This has not been a good year for open government in Wisconsin. Last July’s sneak attack on Wisconsin’s open records law, though beaten back, was just one of several efforts to erode our state’s proud tradition of transparency.
These included a successful move to reduce transparency in campaign finance reports and the use of extra-legal interpretations of statutory language by state officials to justify shutting down records access.
And yet, along with the bad, the Wisconsin Freedom of Information Council, devoted to protecting access to public meetings and records, found plenty to celebrate. Here are the recipients of our tenth annual Openness Awards, or Opees, to be presented at the Wisconsin Watchdog Awards Dinner in Madison on Wednesday, April 20.
Political Openness Award (“Popee”): Brad Schimel. Wisconsin’s Republican attorney general offered strong public opposition to the Legislature’s attack on the open records law, and helped affirm the value of open government at a summit he organized. Schimel’s new Office of Open Government has also led by example in setting out to improve its response time to records requests. The council doesn’t agree with the AG on everything, but is pleased with how seriously he takes his statutory role to interpret and enforce the state’s openness laws.
Media Openness Award (“Mopee”): George Stanley and the Milwaukee Journal Sentinel.
When state lawmakers launched their sneak attack, the Milwaukee Journal Sentinel and its editor clicked into high gear, including a front-page editorial that helped force legislative leaders to back down, followed by aggressive reporting to uncover who was responsible for this proposal. Stanley and his staff, including editorial page editor David Haynes and associate editor Ernst-Ulrich Franzen, remained strong advocates for open government throughout the year.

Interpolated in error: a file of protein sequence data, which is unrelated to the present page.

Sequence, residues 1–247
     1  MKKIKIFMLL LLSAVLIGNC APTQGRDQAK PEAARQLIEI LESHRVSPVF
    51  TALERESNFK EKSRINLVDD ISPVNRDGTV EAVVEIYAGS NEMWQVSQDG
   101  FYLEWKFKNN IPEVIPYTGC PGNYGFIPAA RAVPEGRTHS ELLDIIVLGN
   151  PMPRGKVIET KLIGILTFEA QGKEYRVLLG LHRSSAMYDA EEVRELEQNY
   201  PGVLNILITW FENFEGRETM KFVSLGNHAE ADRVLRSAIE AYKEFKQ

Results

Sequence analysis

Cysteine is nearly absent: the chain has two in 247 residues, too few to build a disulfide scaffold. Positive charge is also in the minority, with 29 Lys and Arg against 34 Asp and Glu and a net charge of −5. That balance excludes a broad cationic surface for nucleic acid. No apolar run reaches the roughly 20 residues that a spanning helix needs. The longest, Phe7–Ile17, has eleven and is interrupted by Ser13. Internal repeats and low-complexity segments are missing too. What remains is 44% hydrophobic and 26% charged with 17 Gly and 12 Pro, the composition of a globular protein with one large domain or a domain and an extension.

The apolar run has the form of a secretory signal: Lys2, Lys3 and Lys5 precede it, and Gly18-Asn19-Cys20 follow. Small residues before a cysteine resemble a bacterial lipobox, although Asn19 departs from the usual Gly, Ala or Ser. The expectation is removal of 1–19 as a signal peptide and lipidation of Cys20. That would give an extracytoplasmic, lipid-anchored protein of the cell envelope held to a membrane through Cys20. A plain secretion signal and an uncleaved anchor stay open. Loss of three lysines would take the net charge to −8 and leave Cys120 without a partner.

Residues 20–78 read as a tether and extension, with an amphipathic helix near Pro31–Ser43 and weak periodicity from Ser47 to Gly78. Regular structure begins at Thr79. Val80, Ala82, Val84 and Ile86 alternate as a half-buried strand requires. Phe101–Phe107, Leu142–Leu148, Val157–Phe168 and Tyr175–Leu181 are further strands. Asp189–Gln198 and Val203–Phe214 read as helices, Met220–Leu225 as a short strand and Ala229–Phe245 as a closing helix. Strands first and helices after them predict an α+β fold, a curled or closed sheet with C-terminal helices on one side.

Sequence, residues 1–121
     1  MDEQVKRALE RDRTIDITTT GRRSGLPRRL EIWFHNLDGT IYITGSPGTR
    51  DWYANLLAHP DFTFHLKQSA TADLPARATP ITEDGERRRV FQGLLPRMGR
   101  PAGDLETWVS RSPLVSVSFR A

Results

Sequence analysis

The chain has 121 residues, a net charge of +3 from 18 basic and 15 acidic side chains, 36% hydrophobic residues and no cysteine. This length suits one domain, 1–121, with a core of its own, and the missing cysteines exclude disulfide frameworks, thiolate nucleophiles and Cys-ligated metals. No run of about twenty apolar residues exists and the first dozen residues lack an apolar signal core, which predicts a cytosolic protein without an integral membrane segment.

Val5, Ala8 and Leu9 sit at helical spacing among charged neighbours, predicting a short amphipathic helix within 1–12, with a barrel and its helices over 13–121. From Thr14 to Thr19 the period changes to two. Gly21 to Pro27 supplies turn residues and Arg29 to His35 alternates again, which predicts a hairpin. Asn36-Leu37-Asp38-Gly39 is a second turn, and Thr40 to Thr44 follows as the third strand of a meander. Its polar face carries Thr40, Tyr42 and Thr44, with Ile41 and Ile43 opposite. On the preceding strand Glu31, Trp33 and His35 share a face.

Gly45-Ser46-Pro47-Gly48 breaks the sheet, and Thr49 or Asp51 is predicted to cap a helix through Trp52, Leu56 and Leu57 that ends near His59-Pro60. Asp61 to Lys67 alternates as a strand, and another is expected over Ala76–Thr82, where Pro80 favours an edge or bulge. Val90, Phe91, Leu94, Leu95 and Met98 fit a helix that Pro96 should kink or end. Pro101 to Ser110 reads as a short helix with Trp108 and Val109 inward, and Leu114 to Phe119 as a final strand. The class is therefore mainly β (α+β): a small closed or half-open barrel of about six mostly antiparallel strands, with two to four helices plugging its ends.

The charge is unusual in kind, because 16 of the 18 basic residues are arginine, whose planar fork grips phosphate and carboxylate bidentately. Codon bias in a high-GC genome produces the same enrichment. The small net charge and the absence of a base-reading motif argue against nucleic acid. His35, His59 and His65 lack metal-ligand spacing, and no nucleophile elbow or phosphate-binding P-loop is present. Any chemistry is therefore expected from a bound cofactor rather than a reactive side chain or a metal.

Citizen Openness Award (“Copee”): Sheila Plotkin. This McFarland resident has battled with lawmakers who voted to dismantle the Government Accountability Board and hike political spending while decreasing transparency in a new campaign finance law to release the input they received from citizens on these issues. The results—showing that lawmakers disregarded the overwhelming weight of this input—are posted online, at we-the-irrelevant.org.
Open Records Scoop of the Year: (“Scoopee”): Greg Neumann, WKOW-TV. In a banner year for stories based on records, top honors go to this Madison television station for exposing how Walker administration officials and others used personal email accounts to conduct official business, contrary to public assurances.
Whistleblower of the Year (“Whoopee”): Molly Regan. This former state employee quit her job over concerns about questionable practices at the Wisconsin Economic Development Corp. She talked to The Progressive and provided critical information that sparked the Wisconsin State Journal’s story on how top state officials pushed for a failed $500,000 loan to a struggling construction company, spurring new safeguards on how agency dollars are spent.
No Friend of Openness (“Nopee”): Robin Vos. Plenty of people deserve blame over the mid-summer attack on open records. But Assembly Speaker Vos was the main architect and subsequently sought a bill to exempt the Legislature from the records law. Vos also authored a bill amendment to end the longstanding requirement that significant donors to political campaigns reveal where they work, bringing darkness where once there was light. He was the worst of the worst in an abnormally bad year.
Your Right to Know is a monthly column distributed by the Wisconsin Freedom of Information Council (www.wisfoic.org), a nonprofit group dedicated to open government. Bill Lueders is the Council’s president.